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Maintainability Of A Civil/Family Case

Maintainability of a Civil/Family case

While defending a case and filing its reply (Written Statement), it’s an extremely common submission to make that “the case filed by the Plaintiff/Petitioner is not maintainable in the eyes of law”. This submission is find in almost every Written Statement but it’s not backed by any specific provision(s) of law and hence the judges ignore such submission almost every time.

Here I have mentioned how to exactly assess if a civil case is maintainable in the eyes of law or not. Whenever you get any case to defend, then before starting to draft a reply, the first thing to do is to see if the plaint/suit passes the below tests:

1. Check if the plaint/suit has been filed under correct provision of law. If not, then case is liable to be rejected under O. VII, R. 11 (d) of the CPC (The Code of Civil Procedure, 1908) which says that the plaint shall be rejected where it appears from the statement in the plaint to be barred by any law

2. Check if the plaint/suit discloses a cause of action. If not, then case is liable to be rejected under O. VII, R. 11 (a) of the CPC (The Code of Civil Procedure, 1908) which says that the plaint shall be rejected where it does not disclose a cause of action.

3. Check if the plaint/suit has been correctly filed as per the Jurisdiction. This jurisdiction can be pecuniary or as to the place of suing. Make sure to check the relevant provisions of jurisdiction in the act under which the plaint/suit has been filed. For example in Hindu Marriage act, jurisdiction is defined under section 19 of the act. If no jurisdiction is defined in an act, then we go by the jurisdiction as defined in CPC.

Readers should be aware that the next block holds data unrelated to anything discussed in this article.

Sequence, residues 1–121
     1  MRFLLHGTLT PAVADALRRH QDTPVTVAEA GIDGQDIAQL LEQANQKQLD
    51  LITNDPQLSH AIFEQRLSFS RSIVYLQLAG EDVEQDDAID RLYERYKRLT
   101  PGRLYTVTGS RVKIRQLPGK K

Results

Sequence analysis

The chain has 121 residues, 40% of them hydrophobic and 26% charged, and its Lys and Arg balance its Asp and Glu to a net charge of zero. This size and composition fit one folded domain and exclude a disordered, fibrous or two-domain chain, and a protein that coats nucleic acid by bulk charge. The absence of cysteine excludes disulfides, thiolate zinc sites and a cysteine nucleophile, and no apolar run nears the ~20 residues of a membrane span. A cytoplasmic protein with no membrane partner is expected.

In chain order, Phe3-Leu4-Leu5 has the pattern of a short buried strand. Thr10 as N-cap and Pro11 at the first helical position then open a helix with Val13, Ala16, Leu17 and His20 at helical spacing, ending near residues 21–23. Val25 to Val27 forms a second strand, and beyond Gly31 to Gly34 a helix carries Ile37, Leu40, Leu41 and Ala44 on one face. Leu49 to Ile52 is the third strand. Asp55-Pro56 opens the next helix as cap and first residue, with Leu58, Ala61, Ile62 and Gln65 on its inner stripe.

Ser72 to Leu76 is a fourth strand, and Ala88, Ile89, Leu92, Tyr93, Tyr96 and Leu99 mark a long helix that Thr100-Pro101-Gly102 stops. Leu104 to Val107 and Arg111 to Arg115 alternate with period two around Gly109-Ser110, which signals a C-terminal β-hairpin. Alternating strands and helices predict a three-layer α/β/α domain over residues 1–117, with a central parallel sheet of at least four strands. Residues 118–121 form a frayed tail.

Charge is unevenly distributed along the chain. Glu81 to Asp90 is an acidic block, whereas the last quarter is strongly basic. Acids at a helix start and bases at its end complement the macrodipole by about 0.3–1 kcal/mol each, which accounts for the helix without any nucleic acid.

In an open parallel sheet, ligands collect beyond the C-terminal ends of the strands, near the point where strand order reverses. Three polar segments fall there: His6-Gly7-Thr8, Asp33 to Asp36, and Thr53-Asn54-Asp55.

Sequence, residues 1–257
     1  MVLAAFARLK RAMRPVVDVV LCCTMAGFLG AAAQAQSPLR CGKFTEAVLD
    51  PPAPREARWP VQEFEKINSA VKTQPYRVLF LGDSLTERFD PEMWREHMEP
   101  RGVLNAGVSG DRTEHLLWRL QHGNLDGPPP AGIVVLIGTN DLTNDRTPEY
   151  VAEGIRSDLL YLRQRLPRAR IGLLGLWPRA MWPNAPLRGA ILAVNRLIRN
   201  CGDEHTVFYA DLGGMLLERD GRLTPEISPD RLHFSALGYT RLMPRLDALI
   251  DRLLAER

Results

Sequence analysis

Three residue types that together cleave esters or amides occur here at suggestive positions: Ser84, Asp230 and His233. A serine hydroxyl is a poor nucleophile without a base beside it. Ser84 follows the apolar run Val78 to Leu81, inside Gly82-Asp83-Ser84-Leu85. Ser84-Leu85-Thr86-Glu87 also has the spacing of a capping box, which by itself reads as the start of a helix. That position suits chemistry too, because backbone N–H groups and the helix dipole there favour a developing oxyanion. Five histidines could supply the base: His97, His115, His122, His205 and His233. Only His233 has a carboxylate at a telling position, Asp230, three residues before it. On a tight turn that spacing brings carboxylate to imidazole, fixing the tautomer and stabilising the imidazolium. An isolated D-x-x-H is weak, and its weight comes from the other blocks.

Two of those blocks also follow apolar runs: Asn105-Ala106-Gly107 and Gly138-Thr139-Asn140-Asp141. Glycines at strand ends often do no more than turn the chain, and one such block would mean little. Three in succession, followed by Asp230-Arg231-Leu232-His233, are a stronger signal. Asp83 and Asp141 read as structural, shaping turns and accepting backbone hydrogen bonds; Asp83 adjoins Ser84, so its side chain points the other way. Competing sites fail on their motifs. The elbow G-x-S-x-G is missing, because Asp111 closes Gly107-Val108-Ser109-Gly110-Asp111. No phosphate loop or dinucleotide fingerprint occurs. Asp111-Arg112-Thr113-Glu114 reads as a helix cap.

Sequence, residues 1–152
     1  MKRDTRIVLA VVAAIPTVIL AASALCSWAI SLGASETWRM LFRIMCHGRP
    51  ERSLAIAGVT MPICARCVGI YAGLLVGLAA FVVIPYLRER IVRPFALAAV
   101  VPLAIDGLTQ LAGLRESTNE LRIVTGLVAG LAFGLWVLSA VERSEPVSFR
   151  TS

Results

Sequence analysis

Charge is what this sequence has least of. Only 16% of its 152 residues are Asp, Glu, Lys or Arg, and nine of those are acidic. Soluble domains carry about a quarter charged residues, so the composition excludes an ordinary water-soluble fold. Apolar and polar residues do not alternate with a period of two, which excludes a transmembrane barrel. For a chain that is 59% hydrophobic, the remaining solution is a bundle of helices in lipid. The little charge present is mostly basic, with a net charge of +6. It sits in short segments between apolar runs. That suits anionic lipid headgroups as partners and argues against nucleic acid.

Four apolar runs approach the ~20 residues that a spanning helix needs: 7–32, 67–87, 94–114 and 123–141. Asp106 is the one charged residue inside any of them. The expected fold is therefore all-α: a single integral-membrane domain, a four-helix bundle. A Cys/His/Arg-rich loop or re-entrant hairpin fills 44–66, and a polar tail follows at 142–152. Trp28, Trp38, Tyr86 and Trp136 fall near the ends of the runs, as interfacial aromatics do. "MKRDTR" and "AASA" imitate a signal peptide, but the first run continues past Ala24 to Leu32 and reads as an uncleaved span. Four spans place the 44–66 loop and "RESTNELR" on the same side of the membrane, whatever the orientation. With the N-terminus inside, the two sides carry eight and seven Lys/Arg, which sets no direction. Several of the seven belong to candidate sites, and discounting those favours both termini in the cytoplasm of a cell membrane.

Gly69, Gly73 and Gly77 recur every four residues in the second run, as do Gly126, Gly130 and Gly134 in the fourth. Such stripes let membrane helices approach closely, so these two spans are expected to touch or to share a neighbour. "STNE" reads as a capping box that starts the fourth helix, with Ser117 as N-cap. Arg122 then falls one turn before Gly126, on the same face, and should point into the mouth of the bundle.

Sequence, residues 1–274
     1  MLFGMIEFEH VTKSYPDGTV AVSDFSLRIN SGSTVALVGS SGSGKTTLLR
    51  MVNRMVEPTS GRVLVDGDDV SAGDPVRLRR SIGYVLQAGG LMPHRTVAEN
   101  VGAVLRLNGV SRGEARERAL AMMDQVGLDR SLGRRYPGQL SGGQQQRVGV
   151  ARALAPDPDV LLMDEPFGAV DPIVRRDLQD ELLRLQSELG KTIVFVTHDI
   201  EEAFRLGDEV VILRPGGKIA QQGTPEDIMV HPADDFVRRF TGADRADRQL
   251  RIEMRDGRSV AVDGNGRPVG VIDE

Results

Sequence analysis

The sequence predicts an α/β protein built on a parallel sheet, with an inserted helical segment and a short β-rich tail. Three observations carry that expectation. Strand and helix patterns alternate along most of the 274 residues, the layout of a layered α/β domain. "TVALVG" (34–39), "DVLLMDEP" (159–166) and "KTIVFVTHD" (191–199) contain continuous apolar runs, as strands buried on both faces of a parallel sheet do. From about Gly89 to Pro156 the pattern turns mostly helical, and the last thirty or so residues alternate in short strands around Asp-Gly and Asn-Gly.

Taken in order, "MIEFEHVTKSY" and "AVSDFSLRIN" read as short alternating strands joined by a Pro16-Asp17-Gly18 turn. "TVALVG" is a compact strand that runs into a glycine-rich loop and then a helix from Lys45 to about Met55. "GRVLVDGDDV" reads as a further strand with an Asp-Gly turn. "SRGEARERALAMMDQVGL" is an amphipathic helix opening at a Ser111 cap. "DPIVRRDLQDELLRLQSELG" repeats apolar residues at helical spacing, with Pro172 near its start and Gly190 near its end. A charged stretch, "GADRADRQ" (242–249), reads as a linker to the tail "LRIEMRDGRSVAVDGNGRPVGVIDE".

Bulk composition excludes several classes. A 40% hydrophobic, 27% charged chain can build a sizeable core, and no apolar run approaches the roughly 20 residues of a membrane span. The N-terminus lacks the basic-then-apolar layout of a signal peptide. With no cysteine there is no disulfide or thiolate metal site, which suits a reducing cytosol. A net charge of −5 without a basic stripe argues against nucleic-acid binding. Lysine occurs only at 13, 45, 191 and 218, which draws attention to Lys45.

4. Check if the plaint/suit has been filed within time as per the Limitations Act, 1963 or as per the time frame defined specifically in an act, like in case of The Negotiable Instruments Act, 1881 where the time frame for filing cheque bounce case is clearly defined under section 138 of the act.

5. Check if the plaint/suit is not barred by the principal of Res judicata, which is defined under section 11 of the CPC as ” No Court shall try any suit or issue in which the matter directly and substantially in issue has been directly and substantially in issue in a former suit between the same parties, or between parties under whom they or any of them claim, litigating under the same title, in a Court competent to try such subsequent suit or the suit in which such issue has been subsequently raised, and has been heard and finally decided by such Court. “

If you find that the suit/plaint which you have to defend does not pass any of these basic tests, then on the very first hearing, you move an application accordingly to get the case rejected or dismissed. While drafting such an application, these provisions of law as mentioned briefly above, must be read in detail and all the latest judgments on these provisions must also be referred.

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